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What I’ve Learned After Paying More Than $1 Million to Freelancers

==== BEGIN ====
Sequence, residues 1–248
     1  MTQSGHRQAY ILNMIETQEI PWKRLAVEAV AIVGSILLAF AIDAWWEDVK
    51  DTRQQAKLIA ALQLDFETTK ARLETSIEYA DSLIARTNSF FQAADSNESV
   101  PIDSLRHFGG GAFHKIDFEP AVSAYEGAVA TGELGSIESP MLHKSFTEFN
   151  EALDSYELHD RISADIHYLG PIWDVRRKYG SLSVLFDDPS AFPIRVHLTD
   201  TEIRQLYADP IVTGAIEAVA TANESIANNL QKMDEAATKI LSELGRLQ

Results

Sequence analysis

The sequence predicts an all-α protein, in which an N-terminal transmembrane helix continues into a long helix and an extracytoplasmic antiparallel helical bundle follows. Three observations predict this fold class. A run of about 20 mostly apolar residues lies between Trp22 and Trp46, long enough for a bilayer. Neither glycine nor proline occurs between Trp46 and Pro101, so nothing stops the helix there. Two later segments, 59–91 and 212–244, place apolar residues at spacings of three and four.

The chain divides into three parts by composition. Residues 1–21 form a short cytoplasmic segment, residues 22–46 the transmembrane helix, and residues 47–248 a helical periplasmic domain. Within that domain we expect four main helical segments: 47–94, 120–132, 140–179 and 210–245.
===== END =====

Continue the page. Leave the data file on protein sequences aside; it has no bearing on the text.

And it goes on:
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Opinions expressed by Entrepreneur contributors are their own. One of the many benefits of working in a digital industry like affiliate marketing is the accessibility to talent. Need an experienced web designer to build you a digital application? Want to find a virtual assistant to manage redundant tasks? There are hundreds of qualified candidates at your fingertips. Through the years, I’ve worked with many remote workers and have paid over $1 million across all the freelancers I’ve hired. This investment has given me a unique vantage point into the world of freelancing . In fact, my latest project is a completely remote organization working with digital freelancers in the US, UK and Sweden among other countries. My first experience with a freelancer was with a writer named Felix. He reached out and offered to write a free newsletter for my previous business . I accepted the offer and after a few assignments, I was a client paying roughly $1,000 monthly for his services. While access to top talent is easier than ever, there are still rules guiding the client-freelancer relationship — something I have learned time and again. In many ways, how you follow these rules will determine the quality of the work you get in return. Here are a few key lessons I have learned over the years when hiring freelancers to set them up for success and increase my chances of getting good work back. Clients need to carve out time for their freelancers Some business owners contract out freelancers thinking these professionals won’t require any additional management, training or resources. They send a vague brief of the assignment and leave the rest up to the freelancer. I’ve learned this lesson the hard way as a client, and now understand the importance of investing time on the front-end to set up freelancers for success. It’s a lot easier to catch a mistake before the project starts than once you’re reviewing the final product. Be willing to put in additional time onboarding your freelancers so you put them in a position to succeed. If you told five illustrators to draw you a dove and that was the only instruction provided, do you think you’d get identical results? They may all give you a dove, but you can bet their approaches and styles would be unique. If you’re not willing to invest time and resources into your freelancers, you can’t be mad when they deliver work that doesn’t match your expectations. Managing freelancers is still management. You need to provide clear instructions for your contractors, including outlines, resources and style guides. You also need to be available to answer questions and provide clear feedback at the beginning and throughout the relationship. The more you work with freelancers, the more comfortable you become with the entire management process. Having gone through COVID-19, many business leaders have gained additional confidence in remote management solutions like Asana, Monday, Slack and Google Drive. If you’re willing to put in the time to help […]

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